“And then we sequence those samples,” Dr. Mandl out MNT“to find mutations specific to the patient’s cancer.”

Researchers identified 175 unique, cancer-specific immune receptors. They then used an algorithm “to predict and prioritize which of these mutations can actually be recognized by the immune system,” said Dr. Mandl. “Then we pick up [the] three best to treat this patient’s tumor.”

The selected TCRs are CRISPR designed to replace the existing TCR in an immune cell.

“Then we grow those cells into billions of cells in the dish,” explains Dr. Mandl out. “And then we give them back to the patient, so now we give a lot of these T cells that are all specific to recognize the patient’s tumor back to the patient, so now they can find and kill the tumor cells. It’s actually a living medicine that you give.”

Prior to patients receiving the CRISPR-engineered immune cells, they received conditioning chemotherapy treatment to deplete existing immune cells.

“We had to develop platform technologies that would allow us to reliably isolate these T cells and the genetic material [TCRs]and then also to genetically reprogram that patient’s T cells with these receptors. And we also had to develop the manufacturing process to make these large numbers of these cells, right? […] We have done that successfully in a very short time of less than 5 years, and now we hope we can continue to make this a reality for all patients with solid tumors.”

– Dr. Stefanie Mandl

One month after treatment, researchers found that the tumors had not grown in five participants. Eleven saw no change.

In every patient who had a biopsy after the infusion, the researchers found the CRISPR-edited T cells. “They accomplished their goal,” explained Dr. Martir Negron MNT.

Most of the side effects patients experienced were, according to Dr. Mandl due to the conditioning treatment.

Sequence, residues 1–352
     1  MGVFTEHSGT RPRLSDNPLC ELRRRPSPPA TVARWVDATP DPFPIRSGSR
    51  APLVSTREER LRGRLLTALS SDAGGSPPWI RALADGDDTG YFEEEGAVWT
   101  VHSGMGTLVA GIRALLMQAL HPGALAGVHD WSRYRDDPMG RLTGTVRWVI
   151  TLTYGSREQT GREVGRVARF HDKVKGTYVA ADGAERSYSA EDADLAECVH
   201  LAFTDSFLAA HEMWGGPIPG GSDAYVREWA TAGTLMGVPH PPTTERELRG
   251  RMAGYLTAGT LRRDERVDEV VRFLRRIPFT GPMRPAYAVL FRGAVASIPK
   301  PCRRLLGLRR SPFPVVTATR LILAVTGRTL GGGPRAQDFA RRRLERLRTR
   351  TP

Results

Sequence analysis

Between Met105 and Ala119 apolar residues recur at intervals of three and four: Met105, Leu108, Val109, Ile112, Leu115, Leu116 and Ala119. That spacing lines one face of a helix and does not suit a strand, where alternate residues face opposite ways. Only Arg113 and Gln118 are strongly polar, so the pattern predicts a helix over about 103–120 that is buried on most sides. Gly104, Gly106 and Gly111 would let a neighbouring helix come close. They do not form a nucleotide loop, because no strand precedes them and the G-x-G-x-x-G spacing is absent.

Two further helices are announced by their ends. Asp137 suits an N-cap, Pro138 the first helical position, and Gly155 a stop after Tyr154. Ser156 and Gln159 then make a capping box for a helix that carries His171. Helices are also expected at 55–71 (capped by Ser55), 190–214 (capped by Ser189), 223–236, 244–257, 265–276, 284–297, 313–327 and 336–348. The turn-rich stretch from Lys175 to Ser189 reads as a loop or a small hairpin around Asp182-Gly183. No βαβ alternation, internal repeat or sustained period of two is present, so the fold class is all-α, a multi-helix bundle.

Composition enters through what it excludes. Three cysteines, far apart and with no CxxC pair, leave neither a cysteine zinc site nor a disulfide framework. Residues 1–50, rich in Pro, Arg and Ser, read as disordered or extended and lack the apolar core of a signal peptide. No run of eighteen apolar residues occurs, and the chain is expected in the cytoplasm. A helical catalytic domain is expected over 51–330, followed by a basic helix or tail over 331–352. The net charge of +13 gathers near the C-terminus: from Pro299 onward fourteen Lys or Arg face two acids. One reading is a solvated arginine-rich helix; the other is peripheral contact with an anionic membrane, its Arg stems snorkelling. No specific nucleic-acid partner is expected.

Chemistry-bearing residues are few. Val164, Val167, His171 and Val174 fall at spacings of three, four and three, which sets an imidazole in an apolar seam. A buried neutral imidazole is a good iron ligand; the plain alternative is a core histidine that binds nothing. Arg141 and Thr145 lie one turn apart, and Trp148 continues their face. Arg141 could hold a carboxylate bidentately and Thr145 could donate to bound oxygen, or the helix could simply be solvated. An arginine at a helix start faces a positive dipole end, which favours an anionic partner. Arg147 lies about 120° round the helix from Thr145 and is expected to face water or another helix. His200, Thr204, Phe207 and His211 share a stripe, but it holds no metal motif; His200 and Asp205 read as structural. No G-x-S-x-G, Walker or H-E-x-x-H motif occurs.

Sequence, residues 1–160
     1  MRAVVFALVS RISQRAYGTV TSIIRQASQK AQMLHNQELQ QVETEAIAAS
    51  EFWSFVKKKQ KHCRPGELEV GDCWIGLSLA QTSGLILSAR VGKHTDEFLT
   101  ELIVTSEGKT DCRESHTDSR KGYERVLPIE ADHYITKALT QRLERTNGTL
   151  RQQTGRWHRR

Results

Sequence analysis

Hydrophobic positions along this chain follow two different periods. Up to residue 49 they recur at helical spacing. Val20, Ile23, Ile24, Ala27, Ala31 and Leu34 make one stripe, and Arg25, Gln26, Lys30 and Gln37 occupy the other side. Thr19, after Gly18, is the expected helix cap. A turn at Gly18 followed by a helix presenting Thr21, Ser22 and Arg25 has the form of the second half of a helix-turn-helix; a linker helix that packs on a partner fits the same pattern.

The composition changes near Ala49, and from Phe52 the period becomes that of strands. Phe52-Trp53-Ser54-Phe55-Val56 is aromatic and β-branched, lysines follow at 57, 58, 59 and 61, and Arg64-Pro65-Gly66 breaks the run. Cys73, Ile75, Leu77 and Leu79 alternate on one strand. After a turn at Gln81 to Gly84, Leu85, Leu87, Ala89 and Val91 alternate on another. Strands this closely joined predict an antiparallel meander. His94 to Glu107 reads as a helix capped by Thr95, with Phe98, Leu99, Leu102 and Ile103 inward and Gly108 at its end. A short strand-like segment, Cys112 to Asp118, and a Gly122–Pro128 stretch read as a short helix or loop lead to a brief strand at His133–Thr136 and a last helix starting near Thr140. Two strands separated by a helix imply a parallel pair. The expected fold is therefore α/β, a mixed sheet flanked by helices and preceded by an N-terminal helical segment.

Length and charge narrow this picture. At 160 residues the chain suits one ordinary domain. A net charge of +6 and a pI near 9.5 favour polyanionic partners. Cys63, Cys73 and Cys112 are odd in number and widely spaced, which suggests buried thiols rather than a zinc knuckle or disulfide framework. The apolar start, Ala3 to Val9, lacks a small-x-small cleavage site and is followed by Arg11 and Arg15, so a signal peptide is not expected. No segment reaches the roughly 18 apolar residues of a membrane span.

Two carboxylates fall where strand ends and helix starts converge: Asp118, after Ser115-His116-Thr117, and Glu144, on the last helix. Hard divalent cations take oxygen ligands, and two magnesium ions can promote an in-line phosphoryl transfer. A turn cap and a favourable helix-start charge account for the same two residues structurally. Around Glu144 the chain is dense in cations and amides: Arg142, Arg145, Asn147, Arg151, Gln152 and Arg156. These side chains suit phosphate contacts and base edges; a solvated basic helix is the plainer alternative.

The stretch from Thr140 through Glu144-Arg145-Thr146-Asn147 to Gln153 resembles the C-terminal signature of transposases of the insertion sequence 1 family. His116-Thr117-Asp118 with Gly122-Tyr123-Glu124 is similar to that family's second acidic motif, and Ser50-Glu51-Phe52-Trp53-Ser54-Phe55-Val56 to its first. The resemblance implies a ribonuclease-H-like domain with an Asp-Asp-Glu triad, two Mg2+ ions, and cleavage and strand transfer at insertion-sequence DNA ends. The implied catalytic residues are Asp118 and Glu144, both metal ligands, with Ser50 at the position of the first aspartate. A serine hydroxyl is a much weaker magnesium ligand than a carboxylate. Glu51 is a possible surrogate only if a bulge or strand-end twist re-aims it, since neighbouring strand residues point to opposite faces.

“Each patient carries their own remedy in the form of these T cells,” said Dr. Mandl. “We just need to be able to find them and then make enough of them so they have a chance to kill the cancer.”

The therapy could provide lifelong protection against cancer “because the cells in your body continue to live,” Dr. Mandl up.

The process from drawing the patient’s blood to choosing the best TCRs, according to Dr. Mandl about 5 months.

By automating some processes, Dr. Mandl that the timetable can be shortened.

“It’s a very complicated process that needs further development to simplify logistics and also reduce treatment costs and increase efficacy so that it can become a reality for all patients with cancer,” she said.

In future research, she told us, scientists could look at what happens when patients are given a larger dose of processed T cells. They may also look at ways to make T cells more difficult for the tumor to attack.

“The tumor microenvironment is very, very hostile,” Dr. Mandl out. “The tumor is trying to do things to essentially make the T cells inactive and they can do that in many different ways. But we can also use our single-step gene editing technology to turn additional genes on or off that make the T cells resilient.”

Dr. Martir-Negron warned patients with solid cancers not to get too excited about this therapy.

“It’s not something ready for prime time,” she said. “It won’t immediately change a treatment.”